3 New Literacies for the Innovation Economy

Tom Vander Ark Wrote this article for National Center for Families Learning Conference, where he will be a keynote speaker on September 26, 2018. 

In the old days (like two years ago), you had to tell computers what to do. They are increasingly figuring it out on their own. The rise of artificial intelligence (AI), code that learns, is reshaping life and work.

We’re a couple years into a new era driven by exponential technology:

  • Cheap devices (phones, cameras, and sensors), computing and storage yield big data;
  • We live, learn, work, and play on platforms; and
  • Our life and work have been augmented by artificial intelligence in narrow but broadening categories.

AI has quietly worked its way into every facet of life—social media and digital assistants, radiology and epidemiology, shopping and shipping, traffic management and energy production, automated manufacturing and agriculture optimization. AI promises extraordinary benefits in each of these categories.

Everyone is experiencing high change—and things will continue to speed up for our kids. That makes three new literacies more important than ever:

  • Design skills: an iterative problem-solving approach;
  • Entrepreneurship skills: taking initiative and learning to deliver value; and
  • Social skills: collaborating on diverse teams.

We continue to learn more about human development:

  • Deliberate practice brings knowledge out of long-term memory and reshapes and restores it.
  • However, children exposed to the trauma of poverty and violence face long-lasting consequences.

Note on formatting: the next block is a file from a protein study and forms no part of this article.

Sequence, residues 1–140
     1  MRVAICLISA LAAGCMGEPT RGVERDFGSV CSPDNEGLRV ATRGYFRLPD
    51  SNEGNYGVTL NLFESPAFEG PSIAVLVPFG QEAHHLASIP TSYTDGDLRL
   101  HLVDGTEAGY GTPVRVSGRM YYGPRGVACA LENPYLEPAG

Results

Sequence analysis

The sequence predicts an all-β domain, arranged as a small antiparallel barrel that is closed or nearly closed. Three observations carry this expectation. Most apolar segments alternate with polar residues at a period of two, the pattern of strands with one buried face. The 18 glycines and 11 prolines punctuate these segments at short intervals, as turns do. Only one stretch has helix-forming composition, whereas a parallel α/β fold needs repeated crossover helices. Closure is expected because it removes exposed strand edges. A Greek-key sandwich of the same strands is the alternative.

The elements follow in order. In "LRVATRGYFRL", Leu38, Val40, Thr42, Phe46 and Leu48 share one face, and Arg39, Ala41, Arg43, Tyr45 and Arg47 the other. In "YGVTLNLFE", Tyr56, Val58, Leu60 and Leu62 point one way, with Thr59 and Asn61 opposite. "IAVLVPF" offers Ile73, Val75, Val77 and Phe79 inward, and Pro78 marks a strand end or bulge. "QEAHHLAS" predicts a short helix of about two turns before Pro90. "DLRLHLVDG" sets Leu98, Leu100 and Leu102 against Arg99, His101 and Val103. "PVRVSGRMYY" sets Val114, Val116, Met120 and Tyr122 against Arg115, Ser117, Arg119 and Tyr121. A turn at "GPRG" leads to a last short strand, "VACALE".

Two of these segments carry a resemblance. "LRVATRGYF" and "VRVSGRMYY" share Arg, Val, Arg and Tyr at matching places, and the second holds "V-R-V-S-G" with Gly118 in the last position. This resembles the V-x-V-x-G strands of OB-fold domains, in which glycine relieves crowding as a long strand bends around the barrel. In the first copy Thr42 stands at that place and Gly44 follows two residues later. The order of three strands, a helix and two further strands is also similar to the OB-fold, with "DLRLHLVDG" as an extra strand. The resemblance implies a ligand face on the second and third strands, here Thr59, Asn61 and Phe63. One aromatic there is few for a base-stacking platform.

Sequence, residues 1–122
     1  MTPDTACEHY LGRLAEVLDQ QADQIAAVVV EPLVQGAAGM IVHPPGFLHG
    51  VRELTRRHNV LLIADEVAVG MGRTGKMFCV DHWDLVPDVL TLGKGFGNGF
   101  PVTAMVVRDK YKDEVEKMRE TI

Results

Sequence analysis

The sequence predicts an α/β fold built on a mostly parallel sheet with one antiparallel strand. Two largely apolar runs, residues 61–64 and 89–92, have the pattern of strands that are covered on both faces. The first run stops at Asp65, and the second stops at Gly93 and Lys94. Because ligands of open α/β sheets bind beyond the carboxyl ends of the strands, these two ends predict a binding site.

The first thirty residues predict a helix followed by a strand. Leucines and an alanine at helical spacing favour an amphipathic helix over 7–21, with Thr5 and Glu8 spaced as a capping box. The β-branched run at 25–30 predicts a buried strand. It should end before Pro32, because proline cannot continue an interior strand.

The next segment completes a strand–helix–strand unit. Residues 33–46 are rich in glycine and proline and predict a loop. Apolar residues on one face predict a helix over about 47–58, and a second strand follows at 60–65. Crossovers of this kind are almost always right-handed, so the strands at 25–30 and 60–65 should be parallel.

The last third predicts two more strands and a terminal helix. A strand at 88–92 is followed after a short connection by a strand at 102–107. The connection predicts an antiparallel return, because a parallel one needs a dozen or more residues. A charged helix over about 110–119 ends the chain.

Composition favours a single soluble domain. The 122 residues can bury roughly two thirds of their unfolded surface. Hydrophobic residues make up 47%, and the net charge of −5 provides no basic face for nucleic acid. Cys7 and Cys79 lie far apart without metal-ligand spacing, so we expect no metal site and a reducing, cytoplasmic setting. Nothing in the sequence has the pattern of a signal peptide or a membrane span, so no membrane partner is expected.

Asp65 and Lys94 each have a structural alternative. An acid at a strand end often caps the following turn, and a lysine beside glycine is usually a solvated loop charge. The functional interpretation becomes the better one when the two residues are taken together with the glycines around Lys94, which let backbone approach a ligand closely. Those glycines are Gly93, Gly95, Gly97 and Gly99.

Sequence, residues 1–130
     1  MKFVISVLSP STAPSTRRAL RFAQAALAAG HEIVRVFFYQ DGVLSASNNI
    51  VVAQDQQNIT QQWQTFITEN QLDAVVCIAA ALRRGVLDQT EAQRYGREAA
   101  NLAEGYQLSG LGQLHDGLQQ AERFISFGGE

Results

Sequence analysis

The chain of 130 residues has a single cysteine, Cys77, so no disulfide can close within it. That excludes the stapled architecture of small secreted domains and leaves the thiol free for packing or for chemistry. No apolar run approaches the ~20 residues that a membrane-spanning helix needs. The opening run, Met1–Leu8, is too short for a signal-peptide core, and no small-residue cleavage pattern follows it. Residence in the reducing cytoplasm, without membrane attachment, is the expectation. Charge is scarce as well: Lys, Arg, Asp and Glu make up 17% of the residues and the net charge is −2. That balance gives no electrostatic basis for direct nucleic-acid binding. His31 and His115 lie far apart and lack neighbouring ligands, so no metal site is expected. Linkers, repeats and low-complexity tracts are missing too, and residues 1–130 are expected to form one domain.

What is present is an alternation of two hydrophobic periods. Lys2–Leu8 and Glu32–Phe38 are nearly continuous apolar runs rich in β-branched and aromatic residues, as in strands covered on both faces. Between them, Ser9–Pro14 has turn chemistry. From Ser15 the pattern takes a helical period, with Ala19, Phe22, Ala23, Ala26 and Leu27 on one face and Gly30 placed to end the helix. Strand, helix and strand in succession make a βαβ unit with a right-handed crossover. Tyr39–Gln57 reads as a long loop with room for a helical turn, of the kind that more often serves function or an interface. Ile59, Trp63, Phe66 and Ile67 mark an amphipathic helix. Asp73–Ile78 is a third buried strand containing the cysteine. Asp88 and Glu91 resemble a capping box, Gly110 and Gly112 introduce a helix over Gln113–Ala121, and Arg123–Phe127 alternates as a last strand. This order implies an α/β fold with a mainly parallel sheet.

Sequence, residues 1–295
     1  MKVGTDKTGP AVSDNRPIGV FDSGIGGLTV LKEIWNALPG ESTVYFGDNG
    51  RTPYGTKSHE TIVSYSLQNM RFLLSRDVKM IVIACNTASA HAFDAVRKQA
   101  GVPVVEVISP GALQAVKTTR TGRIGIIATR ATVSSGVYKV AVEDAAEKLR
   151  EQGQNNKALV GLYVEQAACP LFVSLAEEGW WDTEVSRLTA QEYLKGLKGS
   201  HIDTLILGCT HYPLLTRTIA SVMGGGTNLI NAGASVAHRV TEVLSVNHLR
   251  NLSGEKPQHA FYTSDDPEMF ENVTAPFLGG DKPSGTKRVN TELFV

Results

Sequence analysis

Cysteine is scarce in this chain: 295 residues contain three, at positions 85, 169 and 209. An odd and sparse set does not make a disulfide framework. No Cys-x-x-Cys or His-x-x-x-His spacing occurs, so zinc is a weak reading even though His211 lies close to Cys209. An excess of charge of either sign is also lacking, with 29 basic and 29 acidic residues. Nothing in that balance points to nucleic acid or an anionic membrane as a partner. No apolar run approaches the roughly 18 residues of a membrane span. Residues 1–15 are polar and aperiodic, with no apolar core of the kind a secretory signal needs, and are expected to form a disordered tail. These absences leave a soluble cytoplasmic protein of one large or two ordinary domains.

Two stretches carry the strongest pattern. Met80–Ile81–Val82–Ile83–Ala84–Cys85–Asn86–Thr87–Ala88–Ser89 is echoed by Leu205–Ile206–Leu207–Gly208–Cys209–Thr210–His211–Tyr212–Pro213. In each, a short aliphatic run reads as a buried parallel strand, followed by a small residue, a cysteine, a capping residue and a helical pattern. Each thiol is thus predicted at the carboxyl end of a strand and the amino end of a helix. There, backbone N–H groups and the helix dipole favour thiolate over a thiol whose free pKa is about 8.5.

There are three trends boosting family literacy:

  • Smart devices, smart apps, and smart agents are getting to know you and your kids in ways that are making them more useful and responsive.
  • Smart pathways to high wage, high demand jobs are becoming more affordable and accessible.

To build family literacy, we need to be on guard against three risks:

  • Guidance is more important than ever. Young children need help building productive device use habits. Secondary learners need community connections, work experiences, and mentorship.
  • Family supports will be increasingly important as income inequality and dislocation expand.
  • Civic capacity must be built to address the waves of challenges and opportunities our communities will face.

We’ve covered a lot of ground in a few paragraphs. In short, it’s a great time to learn and it’s never been more important. Here’s the bottom line:

  • For younger children: read to and with them, manage device time, and encourage them to go outside and move. Focus on social skills and school readiness.
  • For middle age children travel with them as much as possible and ask them to write about what they see and learn. Ask them to design skills to build solutions to problems they care about.
  • For teens, help them make community connections, visit employers, and get jobs. Help them build a public portfolio of personal bests that showcases entrepreneurial skills.

For more, see:

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